Readjusting the Locks is the first album from Institute written across the country, half the band having left their native Texas for New York. Despite the distance it sounds every bit as cohesive as if they were all still hanging out every night in the same Austin dives. The newly NYC-based Moses Brown and Arak Avakian flew to Houston in October 2018, where they joined Barry Elkanick and Adam Cahoon to demo the entirety of the new album in a single day. In December, the band got back together in Brooklyn to record with their longtime producer Ben Greenberg (Uniform).
+ Indie edition on Bourbon coloured vinyl.
Previous Institute albums may have wandered into the experimental, Readjusting the Locks strives to be economical, with its 13 tracks clocking in at a tight 29 minutes. They has seamlessly incorporated more ’77 rock n’ roll into their sound, some songs feeling like they could have been a Stiff Records single. This sound is emphasised by Greenberg’s expert production — crisp but still blown out and dirty. Lyrically Readjusting the Locks moves away from the traditionally personal framed words of frontman Moses Brown. Rather than attacking the internal workings of his brain or its socialisation, as on previous records, this album attempts to address the societal atmosphere in which his agita exists.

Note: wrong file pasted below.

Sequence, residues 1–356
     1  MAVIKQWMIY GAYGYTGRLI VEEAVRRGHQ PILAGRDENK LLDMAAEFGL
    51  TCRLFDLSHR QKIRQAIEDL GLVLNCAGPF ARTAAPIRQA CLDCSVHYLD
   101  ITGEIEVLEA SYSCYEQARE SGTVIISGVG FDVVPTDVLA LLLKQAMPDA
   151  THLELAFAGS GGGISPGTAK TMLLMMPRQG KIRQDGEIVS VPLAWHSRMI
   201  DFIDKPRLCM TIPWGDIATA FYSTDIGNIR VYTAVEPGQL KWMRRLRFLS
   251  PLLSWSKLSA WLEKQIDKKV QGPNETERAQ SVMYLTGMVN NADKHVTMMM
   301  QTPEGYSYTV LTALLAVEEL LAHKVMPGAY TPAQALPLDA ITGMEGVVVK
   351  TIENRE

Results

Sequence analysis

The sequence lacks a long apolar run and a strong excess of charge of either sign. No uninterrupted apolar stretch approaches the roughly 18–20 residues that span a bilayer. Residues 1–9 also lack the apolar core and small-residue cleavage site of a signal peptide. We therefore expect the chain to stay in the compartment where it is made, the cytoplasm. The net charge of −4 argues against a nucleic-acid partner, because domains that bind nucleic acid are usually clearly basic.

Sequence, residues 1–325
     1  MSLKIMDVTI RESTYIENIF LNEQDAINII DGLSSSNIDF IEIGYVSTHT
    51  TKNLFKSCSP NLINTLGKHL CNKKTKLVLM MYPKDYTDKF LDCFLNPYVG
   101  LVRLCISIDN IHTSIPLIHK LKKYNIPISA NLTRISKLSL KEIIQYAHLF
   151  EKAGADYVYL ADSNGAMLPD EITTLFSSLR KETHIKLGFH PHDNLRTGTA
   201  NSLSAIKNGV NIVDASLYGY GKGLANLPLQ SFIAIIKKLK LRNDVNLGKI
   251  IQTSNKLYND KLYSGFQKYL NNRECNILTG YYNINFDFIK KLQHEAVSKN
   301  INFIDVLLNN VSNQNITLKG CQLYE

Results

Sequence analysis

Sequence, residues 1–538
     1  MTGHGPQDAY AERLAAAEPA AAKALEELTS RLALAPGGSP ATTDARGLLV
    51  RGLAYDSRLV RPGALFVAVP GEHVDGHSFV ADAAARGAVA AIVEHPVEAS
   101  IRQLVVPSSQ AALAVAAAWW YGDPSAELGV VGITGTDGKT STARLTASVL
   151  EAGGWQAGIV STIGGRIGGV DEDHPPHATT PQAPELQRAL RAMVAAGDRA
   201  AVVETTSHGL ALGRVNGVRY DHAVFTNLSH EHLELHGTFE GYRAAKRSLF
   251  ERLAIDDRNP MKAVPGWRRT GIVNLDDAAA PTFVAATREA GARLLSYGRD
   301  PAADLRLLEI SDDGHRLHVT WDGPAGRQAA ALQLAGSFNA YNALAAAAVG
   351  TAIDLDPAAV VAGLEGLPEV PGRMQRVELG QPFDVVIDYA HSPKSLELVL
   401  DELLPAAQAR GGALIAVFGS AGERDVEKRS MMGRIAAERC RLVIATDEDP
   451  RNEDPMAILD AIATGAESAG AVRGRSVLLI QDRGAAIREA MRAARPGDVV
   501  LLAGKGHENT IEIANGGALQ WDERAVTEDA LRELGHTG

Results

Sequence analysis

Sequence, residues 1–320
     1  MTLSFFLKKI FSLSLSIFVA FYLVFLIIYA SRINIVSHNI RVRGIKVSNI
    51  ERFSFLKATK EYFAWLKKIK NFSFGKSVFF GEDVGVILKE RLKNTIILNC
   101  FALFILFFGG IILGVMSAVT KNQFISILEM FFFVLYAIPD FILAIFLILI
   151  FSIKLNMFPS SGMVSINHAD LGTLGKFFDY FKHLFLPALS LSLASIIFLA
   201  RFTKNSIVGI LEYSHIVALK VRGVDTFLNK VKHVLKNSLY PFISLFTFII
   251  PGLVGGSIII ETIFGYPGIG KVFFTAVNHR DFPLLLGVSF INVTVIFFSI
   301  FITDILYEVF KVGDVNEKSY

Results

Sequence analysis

Blaming Neoliberalism and the irresponsible notions of utopia fostered under it, Brown argues that in recent decades the Western world’s assumption that humanity would continue to prosper into the future has, on the contrary, created a disastrous political vacuum. This has allowed banks, corporations, and their politicians to aimlessly advance the Neoliberal agenda into an inconceivably dangerous place. He argues that we are deadlocked in a permanent existential crisis, stuck in an un-humanitarian and environmentally destructive system so all-consuming that we will not find a clear alternative. Without a true plan for a sustainable future those in power will continue to offer humanity new policies, technologies, and politicians that promise change but are only capable of “readjusting the locks” on our incomprehensible existential predicament.
1. M.P.S. (2:15)
2. Mon Cherie (1:53)
3. Let Me Be (2:02)
4. Indoctrination Set (1:45)
5. Roll Music (2:30)
6. Can’t See Nothin’ (1:14)
7. Shangri-La (2:56)
8. St John’s Wort (1:23)
9. Dazzle Paint (2:36)
10. Anxiety (1:53)
11. Utopia Sound (1:26)
12. Fooled Again (2:38)
13. Deadlock (4:28)
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